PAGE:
At this time of severe cutbacks in government funding for
Lockheed Martin would seem to be an unlikely recipient of this lavish government handout, at least on the basis of need. Indeed, it is one of the world's largest business enterprises, with sales that reached $47 billion in 2012. It is also America's largest defense contractor, and in fiscal 2012 its
The effort to shovel millions of additional taxpayer dollars to this giant corporation goes back to 2010, when the General Assembly passed a bill that exempted Lockheed Martin's hotel guests from paying the state hotel tax. Then, in 2011, the company asked to be exempted from the 7 percent hotel tax levied by
It should be noted that when Lockheed Martin's employees stay at the hotel, the company can usually pass on the costs to the appropriate federal contract. Thus, in most cases, the federal government already compensates Lockheed Martin for any hotel tax it pays.
In 2012, Montgomery County Executive
Lockheed Martin maintains that its conference hotel is a "private" facility solely devoted to training its employees, and for this reason its guests should not have to pay the tax. And it is true that Lockheed Martin decides who can reside there.
But the 183-room hotel is not, in fact, limited to Lockheed Martin employees. It is available for contractors, vendors and anyone else the company welcomes. For example, the business school of the University of Southern California held a conference there in October, with attendees offered the option of staying at the hotel for $225 per night or finding their own accommodations. Benchmark Hospitality International, which manages the facility, advertises it online as "a private, full-service business-class lodging and conference center" with a sports bar, fitness facility, lounge and other amenities.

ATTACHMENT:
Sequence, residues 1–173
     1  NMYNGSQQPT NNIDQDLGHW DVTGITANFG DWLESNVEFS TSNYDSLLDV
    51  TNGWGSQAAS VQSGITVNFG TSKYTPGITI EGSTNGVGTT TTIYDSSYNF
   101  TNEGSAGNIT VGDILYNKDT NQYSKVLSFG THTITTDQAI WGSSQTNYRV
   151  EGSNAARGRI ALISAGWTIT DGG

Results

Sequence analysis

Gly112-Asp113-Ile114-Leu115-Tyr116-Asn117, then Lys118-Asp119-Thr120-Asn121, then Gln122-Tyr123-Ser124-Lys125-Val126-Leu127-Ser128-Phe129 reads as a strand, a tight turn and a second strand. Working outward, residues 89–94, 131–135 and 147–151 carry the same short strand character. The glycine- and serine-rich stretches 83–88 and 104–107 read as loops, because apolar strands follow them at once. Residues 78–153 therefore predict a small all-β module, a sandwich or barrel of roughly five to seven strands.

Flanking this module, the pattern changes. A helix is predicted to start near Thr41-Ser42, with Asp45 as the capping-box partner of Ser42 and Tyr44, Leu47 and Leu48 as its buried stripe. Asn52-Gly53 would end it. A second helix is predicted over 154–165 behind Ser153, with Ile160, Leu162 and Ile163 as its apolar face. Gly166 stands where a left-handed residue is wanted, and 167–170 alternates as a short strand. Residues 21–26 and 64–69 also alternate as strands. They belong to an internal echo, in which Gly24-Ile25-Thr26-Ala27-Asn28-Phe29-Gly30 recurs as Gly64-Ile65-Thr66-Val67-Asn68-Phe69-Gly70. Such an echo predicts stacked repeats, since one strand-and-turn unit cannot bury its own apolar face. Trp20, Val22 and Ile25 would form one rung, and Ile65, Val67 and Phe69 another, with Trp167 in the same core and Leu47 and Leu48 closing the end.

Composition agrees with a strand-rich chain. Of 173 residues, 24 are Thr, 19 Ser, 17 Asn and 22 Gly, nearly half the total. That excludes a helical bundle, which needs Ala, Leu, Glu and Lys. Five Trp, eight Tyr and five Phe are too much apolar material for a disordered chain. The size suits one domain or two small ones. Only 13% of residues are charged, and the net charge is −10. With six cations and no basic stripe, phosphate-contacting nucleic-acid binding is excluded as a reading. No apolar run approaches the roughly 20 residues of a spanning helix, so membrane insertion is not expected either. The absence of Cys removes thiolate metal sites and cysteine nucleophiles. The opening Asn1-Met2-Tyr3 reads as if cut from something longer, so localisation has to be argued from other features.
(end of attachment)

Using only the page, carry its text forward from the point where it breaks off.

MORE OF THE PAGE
Faced with the unwillingness of the County Council to provide a multimillion-dollar giveaway to this giant corporation, Lockheed Martin and its local enthusiasts have turned to the
The Maryland Senate is likely to vote on the amended bill this week. The House of Delegates will consider it thereafter.
Citizen activists, especially from Montgomery County, are outraged by what they are calling the "Corporate Welfare for Lockheed Martin" bill. Peace Action Montgomery coordinator Jean Athey terms it "blatant corporate welfare for one of the wealthiest, most profitable companies in the nation." She asks: "Why, in a time that
It's a question well worth considering.
Lawrence Wittner (http://lawrenceswittner.com) is a professor of history emeritus at SUNY/Albany who writes for PeaceVoice, which distributed this article. His latest book is "Working for Peace and Justice: Memoirs of an Activist Intellectual."